Corby Spirit and Wine Limited has added yet another premium brand to its Gooderham and Worts whisky line-up, Gooderham and Worts Little Trinity (Three Grain) Canadian Whisky. The whisky pays homage to the former whisky giant, Gooderham and Worts which in the latter half of the 19th century was the largest spirits producer in Canada. (The company was founded in the early to mid-nineteenth century by James Worts and his brother-in-law William Gooderham.)

Gooderham and Worts Little Trinity is named for the oldest surviving Toronto area church (Little Trinity Church) established by William Gooderham in 1842. The church was established for his mill and distillery workers who could not afford the high pew fees in the nearby  local churches. In keeping with the theme of the Holy Trinity, the whisky is produced from three grains, corn, wheat and rye (I’ll leave it to you to decide which is the Father, which is the Son, and which is the Holy Spirit).

Here is a link to my full review:

Review: Gooderham and Worts Little Trinity

“… The breezes above the glass bring merry notes of rye spice and oak sap complimented by maple and toffee. Vanilla wafts into the air along with some lightly sweet corn syrup. Then I notice damp straw, some fresh leather and tobacco. There is also some almond-like nuttiness which soon melds with the vanilla and the corn-like sweetness to bring me an impression of marzipan …”

Please enjoy my review.

Chimo!

Posted in Canadian Whisky, Whisk(e)y, Whisky Review | Tagged: , , , | Leave a Comment »

Review: Lot No. 40 Cask Strength Rye Whisky

Posted by Arctic Wolf on August 12, 2018

Lot No. 40 has received a bit of a makeover recently as the spirit which was previously branded, Lot No. 40 Single Copper Pot Still Canadian Whisky received a new label, and the whisky is now known simply as Lot No. 40 Rye Whisky. Lot No. 40 is of course the Corby branded whisky which was first released in the 1990’s as an upscale connoisseur’s whisky for the North American market. Alas, timing is everything, and according to Don Livermore (Master Blender for Corby and J.P. Wiser’s branded whiskies), the whisky never really caught on as the market wasn’t quite ready for such a new style of Canadian Whisky. However, with the new upsurge of interest in Canadian Whisky across North America (and in particular at the premium end of the market), Corby (the owner of the Wiser’s Brand), relaunched the whisky in 2012.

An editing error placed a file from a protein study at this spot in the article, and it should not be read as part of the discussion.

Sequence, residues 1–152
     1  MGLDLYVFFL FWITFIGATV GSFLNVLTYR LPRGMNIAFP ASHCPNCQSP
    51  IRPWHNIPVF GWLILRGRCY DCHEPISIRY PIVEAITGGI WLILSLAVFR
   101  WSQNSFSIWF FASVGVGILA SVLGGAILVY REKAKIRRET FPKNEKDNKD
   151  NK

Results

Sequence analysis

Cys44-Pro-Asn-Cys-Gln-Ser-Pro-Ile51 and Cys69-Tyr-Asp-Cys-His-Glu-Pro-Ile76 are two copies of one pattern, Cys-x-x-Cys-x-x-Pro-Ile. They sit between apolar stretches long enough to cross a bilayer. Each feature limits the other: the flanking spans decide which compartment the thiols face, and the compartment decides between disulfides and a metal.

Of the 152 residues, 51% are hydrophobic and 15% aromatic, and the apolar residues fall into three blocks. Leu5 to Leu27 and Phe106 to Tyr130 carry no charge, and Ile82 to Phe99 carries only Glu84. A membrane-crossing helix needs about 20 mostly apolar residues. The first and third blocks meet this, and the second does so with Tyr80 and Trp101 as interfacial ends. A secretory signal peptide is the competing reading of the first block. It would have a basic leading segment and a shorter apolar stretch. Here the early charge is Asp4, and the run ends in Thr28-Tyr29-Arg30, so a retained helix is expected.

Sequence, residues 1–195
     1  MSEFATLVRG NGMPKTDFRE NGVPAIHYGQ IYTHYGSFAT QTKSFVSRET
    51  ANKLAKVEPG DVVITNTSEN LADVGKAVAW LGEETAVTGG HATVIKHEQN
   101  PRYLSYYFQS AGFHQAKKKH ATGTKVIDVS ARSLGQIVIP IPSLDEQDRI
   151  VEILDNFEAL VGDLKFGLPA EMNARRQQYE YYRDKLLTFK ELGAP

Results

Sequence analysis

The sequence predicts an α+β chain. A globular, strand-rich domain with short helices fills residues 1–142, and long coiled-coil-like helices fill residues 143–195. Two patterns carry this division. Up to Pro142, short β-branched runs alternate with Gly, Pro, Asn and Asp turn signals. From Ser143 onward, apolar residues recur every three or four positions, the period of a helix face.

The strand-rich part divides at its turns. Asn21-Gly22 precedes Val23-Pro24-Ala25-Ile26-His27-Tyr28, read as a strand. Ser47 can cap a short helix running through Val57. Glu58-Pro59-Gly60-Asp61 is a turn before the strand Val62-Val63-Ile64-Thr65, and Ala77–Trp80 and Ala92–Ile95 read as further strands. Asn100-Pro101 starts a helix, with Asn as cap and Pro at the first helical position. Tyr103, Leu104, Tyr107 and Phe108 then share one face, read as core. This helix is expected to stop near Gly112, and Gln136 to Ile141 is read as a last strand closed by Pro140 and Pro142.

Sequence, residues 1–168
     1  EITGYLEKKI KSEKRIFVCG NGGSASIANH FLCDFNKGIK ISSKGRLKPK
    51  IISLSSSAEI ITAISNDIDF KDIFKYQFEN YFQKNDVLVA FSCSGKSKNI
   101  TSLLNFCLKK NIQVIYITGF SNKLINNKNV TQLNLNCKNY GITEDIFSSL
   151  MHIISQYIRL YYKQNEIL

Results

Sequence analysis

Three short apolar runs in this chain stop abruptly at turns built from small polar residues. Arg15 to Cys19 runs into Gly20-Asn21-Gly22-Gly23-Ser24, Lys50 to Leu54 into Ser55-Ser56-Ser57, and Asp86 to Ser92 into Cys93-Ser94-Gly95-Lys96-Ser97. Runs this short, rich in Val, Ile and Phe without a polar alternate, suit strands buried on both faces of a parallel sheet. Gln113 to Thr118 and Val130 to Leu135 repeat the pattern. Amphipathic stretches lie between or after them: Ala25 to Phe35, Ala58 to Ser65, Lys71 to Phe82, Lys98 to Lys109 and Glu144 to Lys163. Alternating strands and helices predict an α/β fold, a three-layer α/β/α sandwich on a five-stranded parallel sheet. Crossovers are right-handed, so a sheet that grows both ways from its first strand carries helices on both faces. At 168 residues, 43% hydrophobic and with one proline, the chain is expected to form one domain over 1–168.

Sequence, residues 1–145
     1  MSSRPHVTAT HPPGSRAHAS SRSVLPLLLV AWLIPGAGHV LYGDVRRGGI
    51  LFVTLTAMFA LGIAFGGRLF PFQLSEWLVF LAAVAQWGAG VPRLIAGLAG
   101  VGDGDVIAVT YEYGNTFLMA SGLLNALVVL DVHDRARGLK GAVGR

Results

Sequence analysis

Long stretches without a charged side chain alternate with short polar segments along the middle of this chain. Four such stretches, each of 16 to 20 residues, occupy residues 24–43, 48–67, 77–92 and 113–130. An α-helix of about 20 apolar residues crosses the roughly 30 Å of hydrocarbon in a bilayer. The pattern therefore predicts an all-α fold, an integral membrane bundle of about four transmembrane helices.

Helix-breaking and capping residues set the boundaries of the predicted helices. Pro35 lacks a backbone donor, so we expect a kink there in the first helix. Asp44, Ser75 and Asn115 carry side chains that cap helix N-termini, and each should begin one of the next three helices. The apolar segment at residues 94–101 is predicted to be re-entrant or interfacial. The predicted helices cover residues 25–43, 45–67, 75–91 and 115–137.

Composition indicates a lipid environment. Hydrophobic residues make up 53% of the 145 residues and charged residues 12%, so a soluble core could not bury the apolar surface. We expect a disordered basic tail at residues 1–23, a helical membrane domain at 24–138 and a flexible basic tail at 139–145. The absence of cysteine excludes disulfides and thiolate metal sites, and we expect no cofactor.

Last year, as part of Corby’s  Northern Border Collection, a cask strength version of Lot No. 40 was released across Canada labeled simply as Lot No. 40 Cask Strength. It is a brute of a whisky bottled at 55 % alcohol by volume. According to the label on the bottle, the whisky is crafted in small batches using rye grain in a single copper pot still and aged for 12 years in oak barrels.

Here is a link to my full review:

Review:  Lot No. 40 Cask Strength Rye Whisky

“… The flavour hits like a sledge-hammer with rough oak and cedar spice pushed by alcohol heat, dark chocolate and heavy rye bread. Add in Christmas fruitcake, and lots of peppery spice including black pepper and cloves and we are still only part way into describing the sheer volume of flavour …”

Please enjoy the review, Chimo!

Posted in Canadian Whisky, Whisk(e)y, Whisky Review | Tagged: , , , , , , | Comments Off on Review: Lot No. 40 Cask Strength Rye Whisky

Review: Devine Spirits Quarter Cask Ancient Grains Whisky

Posted by Arctic Wolf on August 9, 2018

The link is fixed now. Sorry about the glitch yesterday.

I had an opportunity to taste Devine Spirits Quarter Cask Ancient Grains when I acted as a juror for the 2018 Canadian Whisky Awards. While judging, I wrote up tasting notes for each dram as I scored them (in a blind tasting format). I also saved a wee bit of each sample such that I could revisit them after the judging when it was revealed to me which sample belonged to which whisky. From those tasting notes and from my last sampling session afterwards I wrote this review.

Devine Spirits Quarter Cask Ancient Grains is produced from locally grown BC grains (malted barley and eirloom wheat grains. The eirloom wheat includes varietal of einkorn which is a wild wheat, kamut (khorasan wheat), spelt (dinkel wheat), and emmer (farro/hulled wheat). The spirit was aged in new American oak quarter casks and bottled at 45 % alcohol by volume.

Here is a Link to my review:

Review: Devine Spirits Quarter Cask Ancient Grains Whisky

“… Devine Spirits Quarter Cask Ancient Grains Whisky is a heated dram full of herbal flavours which lie alongside grain and wood spices. When I tasted the spirit in the blind format, I believed there was rye grain in the blend. This is not surprising as wheat, when distilled often brings very similar flavours forward …”

Please enjoy the review.

Chimo!

Posted in Canadian Whisky, Whisk(e)y, Whisk(e)y Review, Whisky Review | Tagged: , , , , , | Comments Off on Review: Devine Spirits Quarter Cask Ancient Grains Whisky